APOLLO H.V.A.C. CORPORATION, appellant, v. HALPERN CONSTRUCTION, INC., et al., respondents, et al., defendants.
In an action, inter alia, to recover damages for fraud, the plaintiff appeals from an order of the Supreme Court, Westchester County (Donovan, J.), entered June 27, 2007, which granted the motion of the defendants Halpern Construction, Inc., and Jason M. Halpern for summary judgment dismissing the 18th cause of action alleging common-law fraud against the defendant Jason M. Halpern.
ORDERED that the order is affirmed, with costs.
The plaintiff Apollo H.V.A.C. Corporation (hereinafter Apollo) was a subcontractor for two renovation projects on properties owned by the defendants Savoy Little Neck Associates, Limited Partnership, and Savoy Boro Park Associates, Limited Partnership (hereinafter together Savoy). The defendant Jason M. Halpern (hereinafter Halpern) was the sole owner and principal officer of the defendant Halpern Construction, Inc. (hereinafter HCI), the general contractor on the renovation projects. Prior to completion of the work, Savoy terminated the contracts with HCI and commenced an action against HCI to recover damages for alleged contract violations (hereinafter the termination action). HCI filed mechanic's liens against the two Savoy properties, which included amounts due Apollo, and asserted counterclaims against Savoy in the termination action. Apollo and Savoy entered into a separate agreement whereby Apollo continued to work directly for Savoy on one of the projects and agreed not to file a mechanic's lien in exchange for Savoy's agreement to pursue Apollo's claim for payment against HCI in the termination action.
Approximately 3 1/212 years after commencement of the termination action, HCI and Savoy agreed to settle that action, without monetary recovery by either party, by discontinuing their respective claims against each other, with prejudice. HCI did not notify Apollo prior to the settlement. Apollo commenced this action to recover amounts due for work performed on the Savoy properties, asserting, inter alia, a cause of action seeking to hold Halpern personally liable for fraud (the 18th cause of action). The Supreme Court granted the motion of HCI and Halpern for summary judgment dismissing that cause of action. We affirm.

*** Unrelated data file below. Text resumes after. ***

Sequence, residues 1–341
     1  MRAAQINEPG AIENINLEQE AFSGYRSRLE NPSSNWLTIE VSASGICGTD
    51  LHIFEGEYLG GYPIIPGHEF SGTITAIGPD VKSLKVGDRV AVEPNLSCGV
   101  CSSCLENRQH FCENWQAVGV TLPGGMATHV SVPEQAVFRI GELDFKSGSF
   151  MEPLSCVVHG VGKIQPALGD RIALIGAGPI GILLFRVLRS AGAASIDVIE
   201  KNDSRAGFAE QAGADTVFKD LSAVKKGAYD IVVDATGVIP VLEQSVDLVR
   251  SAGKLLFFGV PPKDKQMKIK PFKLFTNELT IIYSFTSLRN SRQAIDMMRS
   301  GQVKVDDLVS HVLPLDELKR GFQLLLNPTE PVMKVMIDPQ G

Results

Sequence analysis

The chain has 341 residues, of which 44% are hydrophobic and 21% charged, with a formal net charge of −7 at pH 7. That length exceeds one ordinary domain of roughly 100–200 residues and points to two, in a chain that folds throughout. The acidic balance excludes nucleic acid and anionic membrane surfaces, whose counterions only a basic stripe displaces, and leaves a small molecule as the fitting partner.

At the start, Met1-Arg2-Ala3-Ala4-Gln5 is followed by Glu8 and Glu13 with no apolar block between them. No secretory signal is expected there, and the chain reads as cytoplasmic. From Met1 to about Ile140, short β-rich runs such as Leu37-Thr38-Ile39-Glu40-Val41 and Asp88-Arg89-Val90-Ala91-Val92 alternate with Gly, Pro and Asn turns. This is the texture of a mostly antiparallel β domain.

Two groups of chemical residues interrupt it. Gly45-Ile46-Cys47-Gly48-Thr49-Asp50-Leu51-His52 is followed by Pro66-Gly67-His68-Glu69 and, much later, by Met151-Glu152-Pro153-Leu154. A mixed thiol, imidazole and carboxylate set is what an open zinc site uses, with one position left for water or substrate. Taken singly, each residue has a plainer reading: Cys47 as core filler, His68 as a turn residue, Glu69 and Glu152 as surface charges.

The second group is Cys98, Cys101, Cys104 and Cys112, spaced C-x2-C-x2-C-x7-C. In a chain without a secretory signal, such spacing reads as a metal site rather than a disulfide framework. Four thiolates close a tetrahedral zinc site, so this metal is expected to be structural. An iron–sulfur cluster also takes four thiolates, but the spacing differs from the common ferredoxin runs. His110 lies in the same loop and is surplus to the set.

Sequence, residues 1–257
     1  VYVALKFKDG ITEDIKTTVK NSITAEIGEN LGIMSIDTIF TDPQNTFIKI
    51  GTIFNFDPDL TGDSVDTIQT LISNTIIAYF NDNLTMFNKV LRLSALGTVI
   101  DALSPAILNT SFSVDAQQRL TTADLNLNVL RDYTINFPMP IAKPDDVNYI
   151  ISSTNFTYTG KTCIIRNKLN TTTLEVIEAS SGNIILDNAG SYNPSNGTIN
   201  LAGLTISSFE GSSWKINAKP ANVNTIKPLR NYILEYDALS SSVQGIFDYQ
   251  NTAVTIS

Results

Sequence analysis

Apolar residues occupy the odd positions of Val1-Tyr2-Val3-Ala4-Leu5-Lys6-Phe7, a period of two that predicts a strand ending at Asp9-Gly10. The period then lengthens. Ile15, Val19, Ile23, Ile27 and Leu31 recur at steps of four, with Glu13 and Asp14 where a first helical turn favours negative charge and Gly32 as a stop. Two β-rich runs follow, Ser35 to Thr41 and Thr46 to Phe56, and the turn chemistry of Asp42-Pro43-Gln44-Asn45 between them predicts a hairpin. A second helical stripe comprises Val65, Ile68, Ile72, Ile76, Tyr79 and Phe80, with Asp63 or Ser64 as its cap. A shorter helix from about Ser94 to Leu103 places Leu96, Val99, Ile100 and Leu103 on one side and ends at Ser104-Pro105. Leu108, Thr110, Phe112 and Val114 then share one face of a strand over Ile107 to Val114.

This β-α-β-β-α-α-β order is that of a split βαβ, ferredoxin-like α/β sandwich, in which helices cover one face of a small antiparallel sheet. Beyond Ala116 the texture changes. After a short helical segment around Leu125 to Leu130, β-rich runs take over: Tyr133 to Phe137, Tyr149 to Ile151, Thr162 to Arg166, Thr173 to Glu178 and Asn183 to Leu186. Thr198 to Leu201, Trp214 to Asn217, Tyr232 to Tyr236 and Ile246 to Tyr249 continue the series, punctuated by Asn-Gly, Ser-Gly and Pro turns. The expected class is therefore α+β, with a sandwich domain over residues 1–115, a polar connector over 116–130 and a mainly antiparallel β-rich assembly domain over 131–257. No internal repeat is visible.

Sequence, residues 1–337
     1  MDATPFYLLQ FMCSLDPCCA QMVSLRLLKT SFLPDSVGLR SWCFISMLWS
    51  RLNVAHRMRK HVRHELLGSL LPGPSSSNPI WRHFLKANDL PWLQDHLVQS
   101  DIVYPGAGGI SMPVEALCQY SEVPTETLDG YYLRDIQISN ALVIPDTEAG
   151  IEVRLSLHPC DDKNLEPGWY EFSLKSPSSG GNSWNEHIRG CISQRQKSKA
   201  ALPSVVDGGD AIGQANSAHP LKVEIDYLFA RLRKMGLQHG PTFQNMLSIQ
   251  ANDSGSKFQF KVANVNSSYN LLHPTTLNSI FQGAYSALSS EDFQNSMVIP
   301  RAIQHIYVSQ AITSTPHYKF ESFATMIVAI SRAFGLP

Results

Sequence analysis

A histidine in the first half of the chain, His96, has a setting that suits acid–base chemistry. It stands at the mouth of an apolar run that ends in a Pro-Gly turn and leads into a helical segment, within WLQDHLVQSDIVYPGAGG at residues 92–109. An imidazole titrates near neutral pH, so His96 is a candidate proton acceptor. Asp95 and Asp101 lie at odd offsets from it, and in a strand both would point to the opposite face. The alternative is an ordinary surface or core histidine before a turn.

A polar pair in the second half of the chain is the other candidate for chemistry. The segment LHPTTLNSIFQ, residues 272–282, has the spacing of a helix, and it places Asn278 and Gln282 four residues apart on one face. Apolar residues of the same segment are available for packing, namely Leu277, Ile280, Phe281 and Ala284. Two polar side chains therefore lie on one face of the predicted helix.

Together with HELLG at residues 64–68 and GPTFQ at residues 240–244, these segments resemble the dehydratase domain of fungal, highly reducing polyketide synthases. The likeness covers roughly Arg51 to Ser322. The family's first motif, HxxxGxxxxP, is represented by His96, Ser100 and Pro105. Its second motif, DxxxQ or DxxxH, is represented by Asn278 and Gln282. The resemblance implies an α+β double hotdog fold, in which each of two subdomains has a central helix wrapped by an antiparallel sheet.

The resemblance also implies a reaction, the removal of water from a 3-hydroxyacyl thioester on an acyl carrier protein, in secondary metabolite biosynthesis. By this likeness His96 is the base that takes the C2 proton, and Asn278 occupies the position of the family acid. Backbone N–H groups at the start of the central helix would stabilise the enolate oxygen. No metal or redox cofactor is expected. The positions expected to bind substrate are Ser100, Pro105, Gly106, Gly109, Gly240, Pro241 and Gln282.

“To make out a prima facie case of fraud, the complaint must contain allegations of a representation of material fact, falsity, scienter, reliance and injury” (Small v. Lorillard Tobacco Co., 94 N.Y.2d 43, 57, 698 N.Y.S.2d 615, 720 N.E.2d 892). Here, HCI and Halpern established their prima facie entitlement to judgment as a matter of law dismissing the 18th cause of action. HCI and Halpern demonstrated that neither of them knowingly made any misrepresentations to Apollo with the intent to induce Apollo's reliance. In opposition, Apollo failed to raise a triable issue of fact (see Waterman v. Weinstein Mem. Chapel, 49 A.D.3d 717, 718, 853 N.Y.S.2d 623; Del Vecchio v. Nassau County, 118 A.D.2d 615, 617-618, 499 N.Y.S.2d 765).
Apollo further contends that it is in a fiduciary relationship with Halpern by reason of HCI's management of a trust fund under Lien Law § 70, that, as such, Halpern had a duty of full disclosure to Apollo which included the obligation to inform Apollo of the settlement, and that Halpern breached that fiduciary obligation and committed fraud by settling the termination action without advising Apollo. That argument is also without merit.
Under article 3-A of the Lien Law, Apollo was a beneficiary and HCI was the trustee of a trust funded by all property received by HCI and any right of action against Savoy in connection with the construction contracts (see Lien Law §§ 70, 71; Aspro Mech. Contr. v. Fleet Bank, 1 N.Y.3d 324, 328, 773 N.Y.S.2d 735, 805 N.E.2d 1037; Matter of RLI Ins. Co. Sur. Div. v. New York State Dept. of Labor, 97 N.Y.2d 256, 262, 740 N.Y.S.2d 272, 766 N.E.2d 934). A cause of action alleging fraud against a fiduciary may be premised upon a material omission of fact that is known to be false and made for the purpose of inducing the other party to rely upon it (see Lama Holding Co. v. Smith Barney, 88 N.Y.2d 413, 421, 646 N.Y.S.2d 76, 668 N.E.2d 1370; Spencer v. Green, 42 A.D.3d 521, 522, 842 N.Y.S.2d 445). A corporate officer may be held personally liable for a tort of the corporation if he or she committed or participated in its commission, whether or not his or her acts are also by or for the corporation (see Greenway Plaza Off. Park v. Metro Constr. Servs., 4 A.D.3d 328, 329-330, 771 N.Y.S.2d 532; Fleck v. Perla, 40 A.D.2d 1069, 1070, 339 N.Y.S.2d 246).
Essential to the fraud claim, however, is proof that the allegedly fraudulent omission was a substantial factor in causing identifiable loss to the plaintiff (see Willberry Corp. v. Schwartz, 29 A.D.3d 899, 814 N.Y.S.2d 537). Here, HCI and Halpern demonstrated, prima facie, that the failure to notify Apollo of the settlement of the termination action did not induce Apollo to do or to refrain from doing anything to its detriment. Apollo, in opposition, failed to raise a triable issue of fact. Accordingly, the Supreme Court properly granted the motion of HCI and Halpern for summary judgment dismissing the 18th cause of action.
Apollo's remaining contentions are without merit.